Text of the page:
Remember the self-esteem push of the 1980s? Saturday Night Live’s Al Franken satirized the movement with Stuart Smalley’s self affirmations (“I’m good enough, I’m smart enough, and doggone it, people like me!”). Self-talk like Smalley’s was used to raise self-esteem, a measure of how people felt about themselves. High self-esteem was and still is associated with more happiness and optimism, and less depression and anxiety.
However, self-esteem proved over time to be a bit of a fair-weather friend. While high self-esteem keeps us buoyed and optimistic when things are going well, as soon as the chips are down, it goes bottoms up and transforms itself into low self-esteem. Think of the last time your self-talk went from “I am amazing,” to “I suck at life,” and you will recognize the way self-esteem can turn on you in a New York minute.
Self-compassion, on the other hand, is a healthy way of viewing oneself that does not fluctuate like self-esteem. It is one of the strongest predictors for psychological health. (1)
Dr. Kristin Neff, one of the foremost authorities on self-compassion, identifies three components of self-compassion:
- First, self-compassion is kindness and gentleness with the self.
- Second, it is a recognition that we are connected to a human family that has in common the tendency to make mistakes.
- Third, it is a balanced awareness of one’s own faults and strengths. (2)
Where self-esteem often pits us against others (“I am better than you are”), self-compassion embraces what we share (“we all have strengths and weaknesses”). While self-esteem blinds us to our failings, self-compassion helps us face ourselves as we are, with minimal self-delusion.
To illustrate what self-compassion feels like, herewith a personal story: Some time ago, I allowed my 13-year-old son to drive the car from one place to the other in our yard. I gave him very minimal instructions, and he drove full-speed into the house, opening his lower lip to the tune of a complicated, 13-stitch repair.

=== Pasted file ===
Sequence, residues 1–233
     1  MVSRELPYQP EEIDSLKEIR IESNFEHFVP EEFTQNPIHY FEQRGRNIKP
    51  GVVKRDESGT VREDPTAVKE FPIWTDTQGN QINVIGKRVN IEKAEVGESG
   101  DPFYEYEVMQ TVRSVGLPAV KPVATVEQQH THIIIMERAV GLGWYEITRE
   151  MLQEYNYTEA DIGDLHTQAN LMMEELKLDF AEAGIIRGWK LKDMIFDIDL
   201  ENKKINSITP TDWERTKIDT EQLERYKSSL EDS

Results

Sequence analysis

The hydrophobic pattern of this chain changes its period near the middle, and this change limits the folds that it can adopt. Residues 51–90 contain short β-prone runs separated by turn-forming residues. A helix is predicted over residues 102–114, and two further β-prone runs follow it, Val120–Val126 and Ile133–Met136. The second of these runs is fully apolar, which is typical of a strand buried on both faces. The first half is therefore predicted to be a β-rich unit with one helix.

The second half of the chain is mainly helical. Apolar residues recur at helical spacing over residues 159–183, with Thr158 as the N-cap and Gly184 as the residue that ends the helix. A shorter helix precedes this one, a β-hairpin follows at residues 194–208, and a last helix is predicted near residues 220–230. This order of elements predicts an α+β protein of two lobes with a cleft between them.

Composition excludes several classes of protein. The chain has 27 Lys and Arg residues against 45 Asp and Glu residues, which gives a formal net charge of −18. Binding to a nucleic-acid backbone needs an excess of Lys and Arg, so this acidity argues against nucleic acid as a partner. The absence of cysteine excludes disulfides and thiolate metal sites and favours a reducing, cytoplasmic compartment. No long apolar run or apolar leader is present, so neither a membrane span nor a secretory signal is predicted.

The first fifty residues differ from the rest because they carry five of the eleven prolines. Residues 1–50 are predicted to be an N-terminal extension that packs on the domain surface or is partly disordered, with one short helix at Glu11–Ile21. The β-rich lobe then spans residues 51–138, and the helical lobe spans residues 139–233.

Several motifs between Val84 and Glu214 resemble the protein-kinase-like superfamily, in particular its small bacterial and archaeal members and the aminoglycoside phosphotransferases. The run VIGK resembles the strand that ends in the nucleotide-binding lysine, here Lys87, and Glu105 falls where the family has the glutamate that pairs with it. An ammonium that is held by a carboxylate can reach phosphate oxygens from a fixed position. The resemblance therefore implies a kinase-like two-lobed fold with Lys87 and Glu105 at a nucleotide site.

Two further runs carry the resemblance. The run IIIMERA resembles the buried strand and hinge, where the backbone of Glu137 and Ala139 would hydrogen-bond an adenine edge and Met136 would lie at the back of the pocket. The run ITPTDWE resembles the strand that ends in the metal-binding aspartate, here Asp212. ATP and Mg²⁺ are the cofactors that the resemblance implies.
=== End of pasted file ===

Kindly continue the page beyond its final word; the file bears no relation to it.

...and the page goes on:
This kind of thing would plummet any mother’s self-esteem, with self-talk like “I am so careless. What kind of mother would let her 13-year-old drive the car around? I am a failure as a mother.” Self-compassion moderates the harsh self-criticism and turns it to how to be better. “That was a foolish mistake. My tendency to not thinking things through was the problem here. I will not make that mistake again.”
The most helpful response from the whole miserable experience came from the insurance adjuster. “Oh,” she said kindly. “Do we do these things? Of course we do!” She supplied the self-compassionate line (reflecting that we are all part of a human family that fails on a regular basis), and gave me a way to comfort myself and move past it.
Self-compassion is closely connected to diminished anxiety. One of Neff’s studies involved undergraduates who were interviewing for jobs. Those who ranked high in self-compassion could talk about their own weak points comfortably and reported less anxiety. Those with high-self esteem but lower self-compassion had the same anxiety levels as those with low self-esteem, and were just as likely to report negative self-talk. They found it more difficult to discuss their own weaknesses. (2)
Another longitudinal study evaluated more than 3,000 people on how they felt about themselves a dozen times over eight months. Those with high self-compassion scores had stable feelings of self-worth. Feelings of self-worth varied more with high self-esteem because it was more affected by outside factors. (2)
But, hang on. Won’t all this namby-pamby self-coddling result in laziness and a flabby achievement record? Shouldn’t I be hard on myself so I can be more successful?
If the piles of research on self-compassion could talk, they would respond with a very high-decibel, “No!” Self-compassion has been repeatedly shown to increase achievement and responsibility, rather than give us an excuse to slack off. (3)
In one study, 100 undergraduates were asked to recall a recent moral transgression. One group was instructed to write about it in a “kind and understanding” way, another group was to think about their own positive qualities and the control group wrote about hobbies. Those in the first group, or the self-compassionate group, showed more motivation to right the wrong they committed and learn from their mistake.(4)
Read more on self-compassion and how to obtain it
- Neff KD. The role of self-compassion in development: A healthier way to relate to oneself. Hum Dev. 2009;52(4):211-214.
- Neff K. Why self-compassion trumps self-esteem. Greater Good: UC Berkeley. May 27, 2011. Accessed Jan 5, 2017.
- Breines JG, Chen S. Self-compassion increases self-improvement motivation. Personality and Social Psychology Bulletin. Published May 29, 2012. Accessed Mar 10, 2017.
- Neff K. Does self-compassion mean letting yourself off the hook? Accessed Mar 9, 2017.